OR WAIT null SECS
Readers share their experience
FDA Warning Letters
Most clinical research professionals have copies of the International Conference on Harmonisation (ICH) guidelines and the
Code of Federal Regulations
sections pertaining to clinical research (21 CFR 50, 21 CFR 56, 21 CFR 312), but the guidelines and regulations can seem abstract. Reading and studying the regulations in Chapter 21 of the
Code of Federal Regulations
can be less than captivating.
Case histories gleaned from the findings of FDAs biomedical research monitoring, however, can reveal what FDA considers important in the conduct of clinical trials and the violations commonly cited by FDAs biomedical research inspectors.
GCP auditors and FDA compliance personnel often give engaging and educational presentations at meetings of regulatory affairs associations and local chapters of ACRP (Association of Clinical Research Professionals) and SoCRA (Society of Clinical Research Associates). Other excellent sources for learning more about regulatory affairs are workshops offered by other professional organizations, such as the Food and Drug Law Institute (www.fdli.org), the Drug Information Association (www.diahome.org), and the Regulatory Affairs Professionals Society (www.raps.org).
Meetings may be infrequent, however, and you may be unable to attend all the training workshops that interest you. Although its no substitute for more rigorous study, browsing the FDA (Food and Drug Administration) Warning Letters can give you a sense of the common inspection findings.
FDA issues Warning Letters to companies and individuals when an agency inspection reveals serious violations of specific regulations. Warning Letters describe the inspection and list the personnel involved from FDA and from the investigational site or company. The letter summarizes the findings, cites the specific regulations that were violated, and specifies the action to be taken. A typical warning letter ends with a request for a response within 15 days that outlines what steps will be taken to correct the violations.
Posted on Web site. Proprietary information and information revealing subject identity are deleted before the Warning Letters are posted on the FDA Web site (www.fda.gov/foi/warning.htm). The agency does not post responses from companies or individuals.
Search options. To read letters sent to clinical investigators, go to the FDA Web sites Warning Letter Search Form (http://188.8.131.52/scripts/wlcfm/searchwl.cfm), and type clinical investigator in the subject blank on the search form. If youre a monitor, the list of violations will probably look familiarbut one hopes it would be rare to have so many violations at a single site! One useful educational feature of the Warning Letters is that for each violation cited, FDA specifies the applicable regulation from the Code of Federal Regulations. If you dont have a copy of the CFR, you can read the regulations online at www.access.gpo.gov/nara/cfr/index.html. At the GPO Web site, choose Retrieve CFR sections by citation and enter the title, part, and section of the CFR that you want to review. For 21 CFR 312.60, for example, enter 21 as the title, 312 as the part, and 60 as the section. That search should retrieve the paragraph describing General responsibilities of investigators.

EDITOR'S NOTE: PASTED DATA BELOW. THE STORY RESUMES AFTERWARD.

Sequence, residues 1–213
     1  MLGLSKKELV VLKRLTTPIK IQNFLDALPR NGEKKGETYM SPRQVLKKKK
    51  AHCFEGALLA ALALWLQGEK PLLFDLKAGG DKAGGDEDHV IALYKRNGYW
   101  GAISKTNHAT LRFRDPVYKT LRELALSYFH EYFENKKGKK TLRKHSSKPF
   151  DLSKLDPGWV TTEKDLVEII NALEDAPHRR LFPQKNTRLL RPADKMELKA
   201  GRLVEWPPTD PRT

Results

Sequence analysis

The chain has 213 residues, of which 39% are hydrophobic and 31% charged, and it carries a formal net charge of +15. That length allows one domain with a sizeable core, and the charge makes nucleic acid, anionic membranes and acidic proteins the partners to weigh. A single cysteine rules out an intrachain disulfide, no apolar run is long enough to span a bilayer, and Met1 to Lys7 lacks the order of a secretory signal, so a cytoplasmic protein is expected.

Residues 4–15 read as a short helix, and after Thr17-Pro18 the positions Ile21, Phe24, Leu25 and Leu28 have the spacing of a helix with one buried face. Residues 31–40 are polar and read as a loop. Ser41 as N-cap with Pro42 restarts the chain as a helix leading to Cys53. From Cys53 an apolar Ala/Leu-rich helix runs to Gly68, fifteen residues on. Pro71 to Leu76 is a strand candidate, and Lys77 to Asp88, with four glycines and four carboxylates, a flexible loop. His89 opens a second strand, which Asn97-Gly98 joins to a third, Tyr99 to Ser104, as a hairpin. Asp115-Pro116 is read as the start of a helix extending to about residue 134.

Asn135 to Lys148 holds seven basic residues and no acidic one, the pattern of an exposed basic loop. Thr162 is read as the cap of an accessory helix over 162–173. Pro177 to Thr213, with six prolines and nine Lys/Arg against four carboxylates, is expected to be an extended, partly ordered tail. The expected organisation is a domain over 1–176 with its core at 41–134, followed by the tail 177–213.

The list of Warning Letters will specify the issuing office, which might be a regional office or one of the centers, such as Center for Drug Evaluation and Research, Center for Biologics Evaluation and Research, or Center for Devices and Radiological Health. Use the search features to find Warning Letters on the particular topics that interest you. If you want to see Warning Letters concerning gene therapy studies, specify gene therapy as the subject. You could also specify Center for Biologics Evaluation and Research as the issuing office, since gene therapy is regulated by that center. If you want to retrieve warning letters sent to CROs or pharmaceutical/biotechnology companies, search using the phrase contract research organization or sponsor.
Just for fun, try a search using the word misbranded. You may be surprised to find warning letters describing Swiss cheese with 31.1% weight-to-weight milkfat. That cheese is misbranded as Swiss cheese because Swiss cheese must have a minimum of 43% milkfat, according to 21 CFR 133.195 (a). (Ill bet you never knew that.) Thats a reminder that FDA also regulates the food industry. Other search words that produce interesting results are false, misleading, and advertising. Spending an afternoon reading Warning Letters can give you a better appreciation of what the FDA does and the scope of Title 21 of the Code of Federal Regulations.
Barbara J. Rutledge, PhD, is president of Corvin Resources, Inc., P.O. Box 280, Apex, NC 27502-0280, (919) 367-8211, fax (919) 303-3728, e-mail: BarbaraR@corvinresources.com.